Dissertation, University of Pennsylvania (2009)

Authors
Scott Edgar
Saint Mary's University
Abstract
In the Critique of Pure Reason (1781/1787), Kant sought to explain the objectivity of cognition by describing the operation of certain human cognitive activities. That is, in some sense Kant explained cognition's objectivity by appealing to features of the mind. A century later, the Marburg School Neo-Kantians Hermann Cohen and Paul Natorp would insist that philosophers must explain cognition's objectivity without appeal to the subject's mind. Once at the center of the Kantian account of objectivity, the mind had been expunged from it. This shift was the emergence of anti-psychologism, the view that the mind has no place in philosophical accounts of cognition's objectivity. This dissertation offers an account of how that shift happened. Chapter 1 argues that a central section of Kant's Critique of Pure Reason, the Transcendental Deduction, is a description of a cognitive operation—namely, the apperception's synthesis of the manifold of sensible intuition. Because this operation is necessary, it determines the structures that a subject's cognition must conform to, and thus explains cognition's objectivity for Kant. But Kant's view that the mind is characterized by necessary cognitive operations was abandoned in the nineteenth century in favour of purely empirical conceptions of the mind. Chapter 2 argues that, in response to this change and in particular to the psychologism of the Back to Kant movement, Cohen developed an anti-psychologistic account of cognition's objectivity: for him, objectivity must be explained by appeal to the principles and laws of mathematics and pure natural science. But his account fails, since he does rot explain why those laws explain cognition's intersubjectivity. Chapter 3 examines Wilhelm Wundt's and Ernst Mach's attempts to articulate purely empirical conceptions of the mind, and to explain cognition's objectivity by appeal to the mind so conceived, as well as Hermann Lotze's anti-psychologism. Chapter 4 argues that, for Natorp, fundamental physical laws constitute the intersubjective content of cognition because they are invariant across space and time, and so different subjects can share representations of them despite having different points of view on the world. Natorp thus finally articulates a successful anti-psychologistic alternative to Kant's account of objectivity.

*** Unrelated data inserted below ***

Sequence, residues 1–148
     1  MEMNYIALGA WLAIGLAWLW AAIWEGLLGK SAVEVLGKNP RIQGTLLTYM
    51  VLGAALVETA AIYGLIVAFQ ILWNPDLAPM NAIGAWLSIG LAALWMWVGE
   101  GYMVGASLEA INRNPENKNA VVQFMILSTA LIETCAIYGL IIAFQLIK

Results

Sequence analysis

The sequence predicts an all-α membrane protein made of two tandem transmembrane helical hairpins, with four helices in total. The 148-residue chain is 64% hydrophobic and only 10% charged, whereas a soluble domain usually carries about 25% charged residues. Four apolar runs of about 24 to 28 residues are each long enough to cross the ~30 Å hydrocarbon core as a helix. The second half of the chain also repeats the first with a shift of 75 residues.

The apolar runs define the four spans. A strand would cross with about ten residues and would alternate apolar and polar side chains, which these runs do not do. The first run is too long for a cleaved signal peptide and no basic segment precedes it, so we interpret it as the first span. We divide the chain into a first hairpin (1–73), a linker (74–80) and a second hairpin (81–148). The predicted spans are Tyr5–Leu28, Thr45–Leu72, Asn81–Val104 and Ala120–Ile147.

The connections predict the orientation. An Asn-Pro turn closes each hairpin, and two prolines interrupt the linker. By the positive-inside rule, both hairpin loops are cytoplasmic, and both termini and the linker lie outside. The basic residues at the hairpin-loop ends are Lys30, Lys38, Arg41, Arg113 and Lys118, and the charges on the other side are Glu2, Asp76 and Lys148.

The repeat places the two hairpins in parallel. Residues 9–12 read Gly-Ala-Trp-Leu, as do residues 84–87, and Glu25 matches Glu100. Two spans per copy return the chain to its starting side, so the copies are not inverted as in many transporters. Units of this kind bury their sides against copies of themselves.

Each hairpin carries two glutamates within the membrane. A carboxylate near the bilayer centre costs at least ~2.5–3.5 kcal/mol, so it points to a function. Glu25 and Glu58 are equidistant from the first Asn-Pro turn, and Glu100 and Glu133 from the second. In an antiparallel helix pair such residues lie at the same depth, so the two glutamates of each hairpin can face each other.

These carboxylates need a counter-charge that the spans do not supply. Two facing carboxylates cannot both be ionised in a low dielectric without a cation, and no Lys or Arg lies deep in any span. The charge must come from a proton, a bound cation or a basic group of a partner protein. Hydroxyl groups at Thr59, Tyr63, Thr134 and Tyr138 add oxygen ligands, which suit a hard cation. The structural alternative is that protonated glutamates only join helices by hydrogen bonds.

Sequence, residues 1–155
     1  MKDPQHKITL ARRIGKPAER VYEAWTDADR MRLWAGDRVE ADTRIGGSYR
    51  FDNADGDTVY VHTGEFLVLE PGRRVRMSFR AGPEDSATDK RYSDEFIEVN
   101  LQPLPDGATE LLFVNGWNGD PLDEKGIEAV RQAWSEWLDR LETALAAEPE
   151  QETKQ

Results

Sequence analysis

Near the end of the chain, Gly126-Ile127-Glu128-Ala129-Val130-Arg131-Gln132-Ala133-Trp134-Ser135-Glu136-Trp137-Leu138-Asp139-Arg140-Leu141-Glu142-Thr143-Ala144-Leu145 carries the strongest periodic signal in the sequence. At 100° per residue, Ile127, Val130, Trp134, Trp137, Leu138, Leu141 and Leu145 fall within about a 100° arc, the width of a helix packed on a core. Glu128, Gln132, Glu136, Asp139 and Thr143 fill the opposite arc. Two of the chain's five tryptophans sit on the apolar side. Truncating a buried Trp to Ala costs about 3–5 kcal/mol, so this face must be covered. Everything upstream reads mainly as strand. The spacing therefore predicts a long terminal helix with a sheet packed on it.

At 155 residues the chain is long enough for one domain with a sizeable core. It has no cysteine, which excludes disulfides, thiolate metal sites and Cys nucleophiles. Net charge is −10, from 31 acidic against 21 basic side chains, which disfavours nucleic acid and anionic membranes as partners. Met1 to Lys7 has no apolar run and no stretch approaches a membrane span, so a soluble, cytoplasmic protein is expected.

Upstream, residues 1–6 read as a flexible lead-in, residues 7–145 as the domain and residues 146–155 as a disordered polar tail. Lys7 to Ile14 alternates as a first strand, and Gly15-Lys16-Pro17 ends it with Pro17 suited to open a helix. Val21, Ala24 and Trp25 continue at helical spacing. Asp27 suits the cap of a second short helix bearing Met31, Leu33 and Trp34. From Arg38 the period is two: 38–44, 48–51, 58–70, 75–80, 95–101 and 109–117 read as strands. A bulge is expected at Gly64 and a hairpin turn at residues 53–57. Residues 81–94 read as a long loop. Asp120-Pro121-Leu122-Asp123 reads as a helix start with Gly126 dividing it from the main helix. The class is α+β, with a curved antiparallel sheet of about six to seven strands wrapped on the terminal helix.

Keywords Kant  Neo-Kantianism  psychology  objectivity  space and time
Categories (categorize this paper)
Options
Edit this record
Mark as duplicate
Export citation
Find it on Scholar
Request removal from index
Revision history

Download options

PhilArchive copy


Upload a copy of this paper     Check publisher's policy     Papers currently archived: 69,226
External links

Setup an account with your affiliations in order to access resources via your University's proxy server
Configure custom proxy (use this if your affiliation does not provide a proxy)
Through your library

References found in this work BETA

No references found.

Add more references

Citations of this work BETA

No citations found.

Add more citations

Similar books and articles

Paul Natorp and the Emergence of Anti-Psychologism in the Nineteenth Century.Scott Edgar - 2008 - Studies in History and Philosophy of Science Part A 39 (1):54-65.
Kant on Representation and Objectivity: An Essay on the B-Deduction.Adam Benjamin Dickerson - 2001 - Dissertation, University of New South Wales (Australia)
The Role of Imagination in Constituting Objectivity According to Kant.Ali Salmani & Saeed Haj Rashidian - 2019 - Journal of Philosophical Theological Research 21 (79):143-164.
Frege and Kant: A Study of Anti-Psychologism and Objectivity.Alan David Vraspir - 1985 - Dissertation, The University of Wisconsin - Madison
The Concept of an Object.Morris David Lipson - 1981 - Dissertation, University of California, Berkeley
Cohen Und Natorp.Harry van der Linden - 1990 - Idealistic Studies 20 (3):262-263.
Subjectivity as the Foundation for Objectivity in Kant and Husserl: On Two Types of Transcendental Idealism.Christian Krijnen - 2016 - Meta: Research in Hermeneutics, Phenomenology, and Practical Philosophy 8 (2):280-303.
Kant on Representation and Objectivity.A. B. Dickerson - 2003 - Cambridge University Press.
The Physiology of the Sense Organs and Early Neo-Kantian Conceptions of Objectivity: Helmholtz, Lange, Liebmann.Scott Edgar - 2015 - In Flavia Padovani, Alan Richardson & Jonathan Y. Tsou (eds.), Objectivity in Science: Approaches to Historical Epistemology. Boston Studies in Philosophy and History of Science. Springer.
Kant’s Transcendental and Empirical Psychology of Cognition.Claudia M. Schmidt - 2008 - Studies in History and Philosophy of Science Part A 39 (4):462-472.
Völkerpsychologie and the Origins of Hermann Cohen’s Antipsychologism.Scott Edgar - 2020 - Hopos: The Journal of the International Society for the History of Philosophy of Science 10 (1):254-273.

Analytics

Added to PP index
2020-07-05

Total views
21 ( #532,156 of 2,499,690 )

Recent downloads (6 months)
3 ( #209,789 of 2,499,690 )

How can I increase my downloads?

Downloads

My notes